Why Have a Trust?

There are numerous reasons for holding assets in trust. From asset protection to probate avoidance, the list of reasons seems to expand daily.  Recently, a client from Paris, Tennessee established a trust for the primary purpose of probate avoidance. Another purpose was to establish a spendthrift trust for a daughter who was having financial troubles and was expected to file for divorce in the near future. A spendthrift trust is a type of trust that restricts the beneficiary’s ability to force trust distributions. For example, if a beneficiary has accumulated credit card debt, failed to pay and has been sued for non-payment, the credit card company may be restricted from forcing the trustee to make a distribution from the trust to the beneficiary for the purpose of paying the debt. Special care must be taken to draft the trust document regarding trustee discretion.

In 2013, I passed a revision to the Tennessee Trust Code.  One thing the bill did was to make clear that Tennessee’s version of the Uniform Trust Code clarified that the to the greatest extent possible, that the Settlor’s intent is followed when interpreting a trust. Where a trust document expressly states a “material purpose,” the trust is to be interpreted to meet that purpose. This is important. If your trust expressly states that a material purpose of the trust is to provide the trustee absolute discretion in making a distribution to a beneficiary, then a beneficiary’s creditor should not be able to force a trustee to distribute assets against the terms of the spendthrift clause.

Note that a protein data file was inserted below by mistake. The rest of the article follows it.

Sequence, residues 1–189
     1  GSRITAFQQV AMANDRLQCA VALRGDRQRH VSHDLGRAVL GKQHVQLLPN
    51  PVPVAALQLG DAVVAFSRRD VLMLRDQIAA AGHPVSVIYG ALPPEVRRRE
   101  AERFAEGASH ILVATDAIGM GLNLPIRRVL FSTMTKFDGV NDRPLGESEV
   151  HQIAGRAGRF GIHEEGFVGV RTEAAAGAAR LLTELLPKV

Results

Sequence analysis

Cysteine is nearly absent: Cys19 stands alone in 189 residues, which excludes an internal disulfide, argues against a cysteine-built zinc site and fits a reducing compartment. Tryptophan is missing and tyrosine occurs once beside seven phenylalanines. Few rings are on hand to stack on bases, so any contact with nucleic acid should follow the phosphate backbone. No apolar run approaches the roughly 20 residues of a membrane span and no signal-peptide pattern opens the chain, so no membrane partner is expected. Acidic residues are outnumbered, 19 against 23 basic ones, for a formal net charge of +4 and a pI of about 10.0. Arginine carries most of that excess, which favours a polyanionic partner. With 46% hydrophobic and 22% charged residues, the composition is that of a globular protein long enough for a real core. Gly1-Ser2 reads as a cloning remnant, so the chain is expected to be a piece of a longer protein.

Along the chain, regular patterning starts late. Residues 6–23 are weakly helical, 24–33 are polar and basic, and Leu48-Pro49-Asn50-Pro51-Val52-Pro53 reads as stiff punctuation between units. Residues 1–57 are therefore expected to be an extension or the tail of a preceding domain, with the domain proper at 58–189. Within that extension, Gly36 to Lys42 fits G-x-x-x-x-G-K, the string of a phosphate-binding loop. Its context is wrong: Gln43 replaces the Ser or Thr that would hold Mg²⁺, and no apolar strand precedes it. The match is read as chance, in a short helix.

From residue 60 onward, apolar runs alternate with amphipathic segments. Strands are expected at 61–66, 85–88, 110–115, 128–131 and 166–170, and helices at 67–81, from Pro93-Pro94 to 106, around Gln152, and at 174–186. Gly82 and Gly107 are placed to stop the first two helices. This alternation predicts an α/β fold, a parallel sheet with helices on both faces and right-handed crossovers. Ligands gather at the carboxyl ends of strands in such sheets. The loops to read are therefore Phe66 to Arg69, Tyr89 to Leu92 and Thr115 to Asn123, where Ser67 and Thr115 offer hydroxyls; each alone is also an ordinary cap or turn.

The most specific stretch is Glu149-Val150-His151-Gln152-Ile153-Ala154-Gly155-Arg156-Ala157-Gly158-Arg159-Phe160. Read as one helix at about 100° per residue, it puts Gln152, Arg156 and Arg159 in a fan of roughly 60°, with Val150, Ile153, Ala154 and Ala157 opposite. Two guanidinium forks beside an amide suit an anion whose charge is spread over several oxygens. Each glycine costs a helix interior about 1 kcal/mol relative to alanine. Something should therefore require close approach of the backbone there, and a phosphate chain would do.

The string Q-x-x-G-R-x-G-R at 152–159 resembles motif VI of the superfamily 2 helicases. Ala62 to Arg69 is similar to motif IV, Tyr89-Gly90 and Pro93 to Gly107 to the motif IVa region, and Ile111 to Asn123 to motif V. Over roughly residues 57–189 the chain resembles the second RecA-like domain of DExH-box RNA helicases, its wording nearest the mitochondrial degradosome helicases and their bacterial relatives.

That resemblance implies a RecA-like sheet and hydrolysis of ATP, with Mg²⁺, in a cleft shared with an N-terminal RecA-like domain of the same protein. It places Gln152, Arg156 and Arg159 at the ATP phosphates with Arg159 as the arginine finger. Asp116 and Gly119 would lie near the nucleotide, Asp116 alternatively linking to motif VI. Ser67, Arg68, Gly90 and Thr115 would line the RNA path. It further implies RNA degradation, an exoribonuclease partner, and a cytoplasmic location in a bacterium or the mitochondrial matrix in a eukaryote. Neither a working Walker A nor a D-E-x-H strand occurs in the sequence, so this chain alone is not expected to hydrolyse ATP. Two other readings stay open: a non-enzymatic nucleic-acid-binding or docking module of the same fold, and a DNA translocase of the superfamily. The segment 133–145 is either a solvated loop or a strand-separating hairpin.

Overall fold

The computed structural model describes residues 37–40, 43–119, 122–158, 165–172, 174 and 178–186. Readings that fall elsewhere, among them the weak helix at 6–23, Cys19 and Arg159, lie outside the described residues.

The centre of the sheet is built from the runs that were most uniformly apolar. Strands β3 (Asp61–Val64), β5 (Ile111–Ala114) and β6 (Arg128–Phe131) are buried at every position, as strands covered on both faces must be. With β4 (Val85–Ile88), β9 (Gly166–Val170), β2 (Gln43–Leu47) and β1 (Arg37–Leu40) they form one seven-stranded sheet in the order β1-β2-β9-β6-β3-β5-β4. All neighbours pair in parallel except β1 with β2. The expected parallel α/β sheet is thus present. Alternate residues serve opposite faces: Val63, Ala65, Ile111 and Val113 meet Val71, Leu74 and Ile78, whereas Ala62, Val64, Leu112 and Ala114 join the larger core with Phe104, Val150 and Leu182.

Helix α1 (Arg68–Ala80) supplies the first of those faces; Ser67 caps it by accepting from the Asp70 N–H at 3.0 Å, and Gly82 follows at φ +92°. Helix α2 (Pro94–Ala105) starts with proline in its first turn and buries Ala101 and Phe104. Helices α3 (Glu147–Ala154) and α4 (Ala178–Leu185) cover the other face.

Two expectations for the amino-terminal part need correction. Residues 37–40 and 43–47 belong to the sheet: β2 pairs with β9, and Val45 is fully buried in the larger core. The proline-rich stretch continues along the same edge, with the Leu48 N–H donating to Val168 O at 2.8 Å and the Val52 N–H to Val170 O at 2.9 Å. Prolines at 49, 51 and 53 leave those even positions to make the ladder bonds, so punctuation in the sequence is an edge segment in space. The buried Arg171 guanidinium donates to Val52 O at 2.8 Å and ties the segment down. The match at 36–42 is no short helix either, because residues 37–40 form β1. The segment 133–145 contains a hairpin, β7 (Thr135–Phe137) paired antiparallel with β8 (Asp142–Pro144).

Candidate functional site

When discussing your estate plan with an attorney, it is important that the attorney focuses on the “why” of you estate plan, not just the “how” your assets will be distributed. If the attorney does not focus on the why, you may be setting up yourself and your heirs up for trouble in the future.